In 1966, Dr. John Ellis published The Doctor Who Looked at Hands, followed by Vitamin B6, the Doctor’s Report in 1973. In both, he reported that carpal tunnel syndrome (pain, numbness, and tingling on the ‘palm side’ of the wrists, extending into the hands) could be eliminated with vitamin B6. Before Dr. Ellis published his observations, the only treatments had been surgery or injection of large doses of pseudo-cortisol (patent medicines much more powerful – and much more dangerous – than natural human cortisol).
The Tahoma Clinic got started in 1973. I was lucky enough to become aware of Dr. Ellis’ book, and recommended vitamin B6 to individuals with this problem. During the 1970s, the treatment worked nearly every time, and the carpal tunnel syndrome went away within weeks to months, the length of time usually depending on initial severity.
In the late 1970s Dr. Alan Gaby joined the clinic. He became interested in vitamin B6 while in Washington State, and after returning to Baltimore published The Doctor’s Guide to Vitamin B6, in which he also reported success with vitamin B6.
Over the years, Dr. Gaby and I noticed that vitamin B6 wasn’t working as effectively against carpal tunnel syndrome as it had in the 1970s and 1980s. The vitamin’s effectiveness had dropped to approximately 50% of the time, and that situation has remained the same. Unfortunately, the alternative treatments in mainstream medicine have remained injections of large doses of formerly patented pseudocortisol and surgery.
But, very recently, a research group has published a preliminary report which gives hope for another safe, natural treatment for carpal tunnel syndrome. It’s still injections, but this time what’s being injected is bio-identical progesterone, a ‘natural steroid’ found in both women and men, and safe in relatively large quantities.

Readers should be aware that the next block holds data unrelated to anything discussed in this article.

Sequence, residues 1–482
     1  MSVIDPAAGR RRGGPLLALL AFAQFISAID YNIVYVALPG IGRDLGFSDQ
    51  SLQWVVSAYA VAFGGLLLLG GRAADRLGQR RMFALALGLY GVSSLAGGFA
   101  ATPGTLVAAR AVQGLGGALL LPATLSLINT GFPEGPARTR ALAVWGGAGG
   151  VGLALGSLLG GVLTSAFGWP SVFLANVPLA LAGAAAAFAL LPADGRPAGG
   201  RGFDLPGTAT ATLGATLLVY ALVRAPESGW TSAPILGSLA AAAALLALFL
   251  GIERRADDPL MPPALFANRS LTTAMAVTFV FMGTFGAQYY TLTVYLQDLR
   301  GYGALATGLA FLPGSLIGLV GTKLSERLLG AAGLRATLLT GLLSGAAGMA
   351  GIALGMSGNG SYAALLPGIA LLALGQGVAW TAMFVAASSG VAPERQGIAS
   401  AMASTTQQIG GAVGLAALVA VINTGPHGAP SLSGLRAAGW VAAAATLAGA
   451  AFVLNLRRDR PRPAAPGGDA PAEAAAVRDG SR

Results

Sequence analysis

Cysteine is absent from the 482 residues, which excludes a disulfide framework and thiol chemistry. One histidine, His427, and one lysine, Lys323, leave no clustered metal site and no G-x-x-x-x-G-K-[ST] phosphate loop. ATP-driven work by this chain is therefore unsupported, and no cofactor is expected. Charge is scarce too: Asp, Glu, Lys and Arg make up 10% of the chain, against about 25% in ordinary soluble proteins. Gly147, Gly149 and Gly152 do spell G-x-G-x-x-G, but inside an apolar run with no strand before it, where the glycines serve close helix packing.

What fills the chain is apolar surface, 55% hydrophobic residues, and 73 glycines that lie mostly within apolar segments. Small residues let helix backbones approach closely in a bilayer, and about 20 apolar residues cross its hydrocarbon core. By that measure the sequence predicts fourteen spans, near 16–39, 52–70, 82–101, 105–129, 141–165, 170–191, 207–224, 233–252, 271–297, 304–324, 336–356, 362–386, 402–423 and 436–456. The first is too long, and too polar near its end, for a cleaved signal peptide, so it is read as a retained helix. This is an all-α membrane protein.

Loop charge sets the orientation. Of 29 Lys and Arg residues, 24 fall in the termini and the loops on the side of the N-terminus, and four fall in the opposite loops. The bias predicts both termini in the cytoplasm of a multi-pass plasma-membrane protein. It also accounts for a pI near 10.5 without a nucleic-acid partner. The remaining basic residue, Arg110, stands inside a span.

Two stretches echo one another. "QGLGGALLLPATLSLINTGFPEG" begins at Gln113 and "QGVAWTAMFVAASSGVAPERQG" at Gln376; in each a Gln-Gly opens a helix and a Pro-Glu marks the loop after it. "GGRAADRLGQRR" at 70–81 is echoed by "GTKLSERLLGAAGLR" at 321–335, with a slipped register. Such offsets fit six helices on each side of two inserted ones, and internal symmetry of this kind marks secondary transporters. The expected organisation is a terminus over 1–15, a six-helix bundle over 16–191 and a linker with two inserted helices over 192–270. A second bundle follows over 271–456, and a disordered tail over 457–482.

The researcher’s preliminary report on a one-month study period stated: ‘Local corticosteroid injection for carpal tunnel syndrome (CTS) provides greater clinical improvement in symptoms one month after injection compared to placebo.’ However, they made sure to note that ‘significant symptom relief beyond one month has not been demonstrated and the relapse of symptoms is possible.’
So why bring this up now? One reason is that the researchers also wrote: ‘Neuroprotection and myelin repair actions of the progesterone was demonstrated in vivo and in-vitro study,’ which means that real nerve protection and repair of the nerve sheath (myelin) was observed in that one month, so it’s a reasonable prediction that even if a single injection wore off, repeating it would continue the healing.
The second reason is that the ‘standard of care’, injections of large doses of pseudo-cortisol or surgery are more dangerous and produce more unwanted after-effects, which bio-identical progesterone, even injected, is not likely to do.
If you have carpal tunnel syndrome, always try vitamin B6 first, using 50mg of the more active form, pyridoxal-5-phosphate (P5P) two or three times daily, along with a B-complex capsule or tablet in the morning. If it hasn’t helped at all in six to eight weeks, it probably won’t work for you, but it’s still effective in a little under 50% of cases.
If B6 doesn’t work for you, show the research citation below to your doctor. Nearly any doctor can safely inject progesterone, or refer you to someone who can. You may very well avoid surgery or pseudo-cortisol injections.Wishing you the best of health,
Dr. Jonathan V. Wright
Nutrition & Healing
Volume 7, Issue 5 – May 2013
Full references and citations for this article are available in the downloadable PDF version of the monthly Nutrition and Healing issue in which this article appears.